goodwill (εὔνοια) Chrysanthou, Reconfiguring the Imperial Past: Narrative Patterns and Historical Interpretation in Herodian’s History of the Empire (2022) 66
herodotus Kingsley Monti and Rood, The Authoritative Historian: Tradition and Innovation in Ancient Historiography (2022) 377; Raaflaub Ober and Wallace, Origins of Democracy in Ancient Greece (2007) 103
hippias Amendola, The Demades Papyrus (P.Berol. inv. 13045): A New Text with Commentary (2022) 202; Raaflaub Ober and Wallace, Origins of Democracy in Ancient Greece (2007) 76
hyperides Amendola, The Demades Papyrus (P.Berol. inv. 13045): A New Text with Commentary (2022) 202
intertextuality Chrysanthou, Reconfiguring the Imperial Past: Narrative Patterns and Historical Interpretation in Herodian’s History of the Empire (2022) 66
isagoras Raaflaub Ober and Wallace, Origins of Democracy in Ancient Greece (2007) 76
korynephoroi Amendola, The Demades Papyrus (P.Berol. inv. 13045): A New Text with Commentary (2022) 202
law, athenian. Gagarin and Cohen, The Cambridge Companion to Ancient Greek Law (2005) 274
law, rule of Raaflaub Ober and Wallace, Origins of Democracy in Ancient Greece (2007) 76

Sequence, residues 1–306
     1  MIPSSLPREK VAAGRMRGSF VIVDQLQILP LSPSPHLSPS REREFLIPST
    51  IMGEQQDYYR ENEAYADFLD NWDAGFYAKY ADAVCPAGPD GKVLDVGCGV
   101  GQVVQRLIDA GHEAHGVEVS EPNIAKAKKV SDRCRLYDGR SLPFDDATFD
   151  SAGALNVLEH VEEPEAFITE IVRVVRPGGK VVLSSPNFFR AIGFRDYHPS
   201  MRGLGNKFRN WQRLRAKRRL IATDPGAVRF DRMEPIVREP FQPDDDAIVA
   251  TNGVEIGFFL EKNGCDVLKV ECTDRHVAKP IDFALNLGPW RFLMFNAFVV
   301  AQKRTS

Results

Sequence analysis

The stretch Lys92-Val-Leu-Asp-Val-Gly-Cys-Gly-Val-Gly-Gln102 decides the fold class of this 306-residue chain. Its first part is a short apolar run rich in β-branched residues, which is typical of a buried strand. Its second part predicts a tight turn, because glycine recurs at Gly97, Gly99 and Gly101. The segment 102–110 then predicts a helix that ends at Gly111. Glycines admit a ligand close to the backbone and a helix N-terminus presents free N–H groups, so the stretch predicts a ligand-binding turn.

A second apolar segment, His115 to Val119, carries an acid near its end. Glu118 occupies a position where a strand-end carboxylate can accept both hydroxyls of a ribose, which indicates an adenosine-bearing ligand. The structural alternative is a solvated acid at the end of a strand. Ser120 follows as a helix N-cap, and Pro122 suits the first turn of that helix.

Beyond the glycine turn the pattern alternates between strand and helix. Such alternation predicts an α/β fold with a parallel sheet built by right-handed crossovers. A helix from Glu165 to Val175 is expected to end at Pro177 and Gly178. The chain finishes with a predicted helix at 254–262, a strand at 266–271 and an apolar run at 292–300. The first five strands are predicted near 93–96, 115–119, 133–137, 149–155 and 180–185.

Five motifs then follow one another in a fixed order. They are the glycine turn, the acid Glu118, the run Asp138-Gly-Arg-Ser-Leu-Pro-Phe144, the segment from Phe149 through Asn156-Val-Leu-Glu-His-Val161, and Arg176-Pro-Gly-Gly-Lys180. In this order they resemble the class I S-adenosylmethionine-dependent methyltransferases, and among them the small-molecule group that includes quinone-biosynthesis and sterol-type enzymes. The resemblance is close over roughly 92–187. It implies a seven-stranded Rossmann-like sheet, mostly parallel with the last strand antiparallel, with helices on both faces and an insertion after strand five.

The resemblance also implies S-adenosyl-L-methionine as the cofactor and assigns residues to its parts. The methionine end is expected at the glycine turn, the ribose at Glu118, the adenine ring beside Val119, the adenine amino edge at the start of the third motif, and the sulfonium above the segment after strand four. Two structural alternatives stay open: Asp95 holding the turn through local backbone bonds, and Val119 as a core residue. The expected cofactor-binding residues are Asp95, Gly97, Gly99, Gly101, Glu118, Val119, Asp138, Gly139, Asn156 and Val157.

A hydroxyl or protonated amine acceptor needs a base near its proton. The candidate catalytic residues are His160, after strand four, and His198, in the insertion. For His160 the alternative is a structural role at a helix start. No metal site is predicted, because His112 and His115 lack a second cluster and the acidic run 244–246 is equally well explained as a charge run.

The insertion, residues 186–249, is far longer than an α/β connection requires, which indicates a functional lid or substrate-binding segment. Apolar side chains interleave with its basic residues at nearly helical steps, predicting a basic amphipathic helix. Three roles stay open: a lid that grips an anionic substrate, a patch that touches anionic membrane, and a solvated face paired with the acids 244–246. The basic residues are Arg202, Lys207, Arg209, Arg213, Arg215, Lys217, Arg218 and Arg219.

lawgivers Raaflaub Ober and Wallace, Origins of Democracy in Ancient Greece (2007) 76
leader(ship) Chrysanthou, Reconfiguring the Imperial Past: Narrative Patterns and Historical Interpretation in Herodian’s History of the Empire (2022) 66
lycurgan athens v Amendola, The Demades Papyrus (P.Berol. inv. 13045): A New Text with Commentary (2022) 202
marcus aurelius Chrysanthou, Reconfiguring the Imperial Past: Narrative Patterns and Historical Interpretation in Herodian’s History of the Empire (2022) 66
memory Chrysanthou, Reconfiguring the Imperial Past: Narrative Patterns and Historical Interpretation in Herodian’s History of the Empire (2022) 66
moderation Chrysanthou, Reconfiguring the Imperial Past: Narrative Patterns and Historical Interpretation in Herodian’s History of the Empire (2022) 66
nero Chrysanthou, Reconfiguring the Imperial Past: Narrative Patterns and Historical Interpretation in Herodian’s History of the Empire (2022) 66
omens Chrysanthou, Reconfiguring the Imperial Past: Narrative Patterns and Historical Interpretation in Herodian’s History of the Empire (2022) 66
pausanias Kingsley Monti and Rood, The Authoritative Historian: Tradition and Innovation in Ancient Historiography (2022) 377
peisistratus' Gagarin and Cohen, The Cambridge Companion to Ancient Greek Law (2005) 274